Diversification is as important in bond investing as it is in stock investing. It's best to spread your risk over a series of different maturities, while maintaining an average maturity of your liking in your portfolio. The best way to do this? Set up a bond ladder -- in essence, a series of bonds with a range of maturities.

Here's how it works. If you were to buy, say, equal amounts of Treasurys due to mature in one year, three years, five years, seven years, and nine years, that portfolio would have an average maturity of five years (1+3+5+7+9 divided by five equals five). The next year, when the first batch comes due, you would reset the ladder by putting the money into new 10-year notes. Your portfolio would then have an average maturity of six years.

Two years after that, when the 3-year notes matured, you would buy more 10-years, and continue to do so whenever a note matures. That would always keep the average maturity in the five- to six-year range.

The advantage is that you don't need to worry about interest rates -- especially if the ladder you construct has notes coming due every couple of years or so. If rates do rise soon after you bought this year's bonds, you can take comfort in the fact that soon you will have money coming available to take advantage of the change. Similarly, if rates decline after you buy, you've managed to lock in the higher rates for that portion of your portfolio. The bottom line is, you won't get stuck one way or the other.

A bond portfolio can be built with any kind of bond, but Treasurys are commonly used since they have relatively little risk and are widely available. You can purchase Treasurys either on the secondary market (i.e., from another investor) or directly from the government through a program called Treasury Direct.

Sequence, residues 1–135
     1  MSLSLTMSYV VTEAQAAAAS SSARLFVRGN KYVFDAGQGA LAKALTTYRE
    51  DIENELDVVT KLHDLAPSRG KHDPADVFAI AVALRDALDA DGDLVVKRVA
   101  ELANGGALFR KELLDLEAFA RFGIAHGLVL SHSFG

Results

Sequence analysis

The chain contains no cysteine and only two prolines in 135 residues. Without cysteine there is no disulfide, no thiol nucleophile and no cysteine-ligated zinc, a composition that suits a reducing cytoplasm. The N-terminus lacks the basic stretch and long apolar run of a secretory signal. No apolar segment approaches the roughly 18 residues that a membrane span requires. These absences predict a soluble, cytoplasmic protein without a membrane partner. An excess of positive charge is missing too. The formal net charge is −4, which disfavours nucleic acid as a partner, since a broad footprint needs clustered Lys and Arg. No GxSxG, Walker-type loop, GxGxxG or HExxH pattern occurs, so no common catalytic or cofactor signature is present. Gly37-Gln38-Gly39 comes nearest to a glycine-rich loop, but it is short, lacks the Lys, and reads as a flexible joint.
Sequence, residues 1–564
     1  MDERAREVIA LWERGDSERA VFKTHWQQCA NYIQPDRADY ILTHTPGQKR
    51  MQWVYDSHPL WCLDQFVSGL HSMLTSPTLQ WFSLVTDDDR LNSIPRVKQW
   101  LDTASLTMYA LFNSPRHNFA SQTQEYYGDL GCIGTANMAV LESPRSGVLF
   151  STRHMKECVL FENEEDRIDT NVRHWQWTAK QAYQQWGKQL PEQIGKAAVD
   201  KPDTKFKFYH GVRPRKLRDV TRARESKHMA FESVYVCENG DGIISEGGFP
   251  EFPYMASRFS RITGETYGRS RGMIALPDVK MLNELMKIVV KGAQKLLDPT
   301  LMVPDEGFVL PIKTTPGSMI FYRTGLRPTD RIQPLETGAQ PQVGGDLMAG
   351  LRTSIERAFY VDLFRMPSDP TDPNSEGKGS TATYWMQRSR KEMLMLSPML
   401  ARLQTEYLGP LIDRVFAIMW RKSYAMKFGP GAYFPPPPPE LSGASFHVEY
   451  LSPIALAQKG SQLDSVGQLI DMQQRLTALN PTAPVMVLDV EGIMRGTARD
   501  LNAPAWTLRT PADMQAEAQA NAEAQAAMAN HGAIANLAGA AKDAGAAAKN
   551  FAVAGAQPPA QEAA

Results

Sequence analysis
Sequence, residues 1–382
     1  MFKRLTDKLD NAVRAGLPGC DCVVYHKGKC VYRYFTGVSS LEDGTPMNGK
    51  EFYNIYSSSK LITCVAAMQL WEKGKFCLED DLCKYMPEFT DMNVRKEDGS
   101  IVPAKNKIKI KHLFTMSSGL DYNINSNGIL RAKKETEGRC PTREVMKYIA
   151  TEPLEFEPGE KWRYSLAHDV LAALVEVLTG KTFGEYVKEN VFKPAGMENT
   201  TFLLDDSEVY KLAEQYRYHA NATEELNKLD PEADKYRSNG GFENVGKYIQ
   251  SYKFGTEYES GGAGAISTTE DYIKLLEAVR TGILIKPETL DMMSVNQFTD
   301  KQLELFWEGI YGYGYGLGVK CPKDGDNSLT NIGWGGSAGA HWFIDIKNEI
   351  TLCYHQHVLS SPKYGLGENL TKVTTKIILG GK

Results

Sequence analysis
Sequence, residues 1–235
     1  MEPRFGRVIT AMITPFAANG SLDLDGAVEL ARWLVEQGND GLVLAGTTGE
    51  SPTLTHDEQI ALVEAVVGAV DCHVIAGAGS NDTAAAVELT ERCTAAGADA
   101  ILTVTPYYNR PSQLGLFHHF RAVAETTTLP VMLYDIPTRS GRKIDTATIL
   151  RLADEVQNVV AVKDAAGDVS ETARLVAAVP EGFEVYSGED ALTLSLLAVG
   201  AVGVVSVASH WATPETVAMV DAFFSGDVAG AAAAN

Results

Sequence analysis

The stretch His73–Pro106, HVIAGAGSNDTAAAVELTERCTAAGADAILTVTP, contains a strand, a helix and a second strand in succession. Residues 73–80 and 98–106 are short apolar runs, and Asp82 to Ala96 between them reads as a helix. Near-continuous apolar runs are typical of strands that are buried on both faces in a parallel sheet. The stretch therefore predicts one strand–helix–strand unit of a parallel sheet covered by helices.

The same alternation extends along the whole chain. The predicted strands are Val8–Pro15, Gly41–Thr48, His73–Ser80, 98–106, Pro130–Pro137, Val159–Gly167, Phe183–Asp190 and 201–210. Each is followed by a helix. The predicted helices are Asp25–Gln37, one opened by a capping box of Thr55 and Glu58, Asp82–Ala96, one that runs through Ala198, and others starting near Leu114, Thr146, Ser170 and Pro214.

The beauty of buying Treasurys from Treasury Direct is that there are no transaction costs. The minimum investment requirement is also a low $1,000. To open an account, just download an application from Treasury Direct's Web site and mail the completed paperwork to the nearest Treasury Direct office. You can also obtain general information and maintain your account by calling Treasury Direct's toll-free number (800-722-2678).

Unfortunately, there's a catch. Since you can only buy new issues from Treasury Direct, creating a neat laddering structure is pretty much impossible. That's because these days, Treasurys have maturities of six months, two years, five years and 10 years. So if you created a ladder with these durations you could miss some big interest-rate swings between the time the five- and 10-year Treasurys come due.

To avoid that, you're going to have to use the secondary market to buy at least some of your bonds. This way, you can buy bonds that have already been in existence for a while, and you'll simply buy those that have remaining years in the durations you seek. Any large, reputable broker with a trading desk dedicated to Treasury bonds should be able to get you the maturities you want at a competitive price. Unfortunately, due to the extra transaction costs you'll pay (plus commission, in many cases) this method might not be worthwhile if you're making Treasury purchases of $1,000 or less.

Keep in mind, a ladder may also be constructed of municipal bonds, but that would typically require a bare minimum of $100,000 in capital to gather a diversified group of issues. Trading in munis, which you can do through most brokerage firms, also creates higher transaction costs, but if your tax rate is high enough -- probably anything above 25% -- the tax savings will likely make the costs worthwhile.

Lastly, if all this seems a bit more complicated (or costly) than you anticipated, for many investors, a low-fee bond fund is a fine alternative. While no bond fund will come out and say that they've set up a laddered portfolio, money managers stagger bonds within their funds so that different maturities come due at various times. For example, if you wanted a bond fund that mimicked the ladder example above, you could buy the Vanguard Intermediate Term U.S. Treasury fund (VFITX). This fund has very low expenses and an average maturity of 5.4 years. But because it holds approximately 65 bonds with maturities of three to 27 years it's a bond ladder with a lot of rungs on it.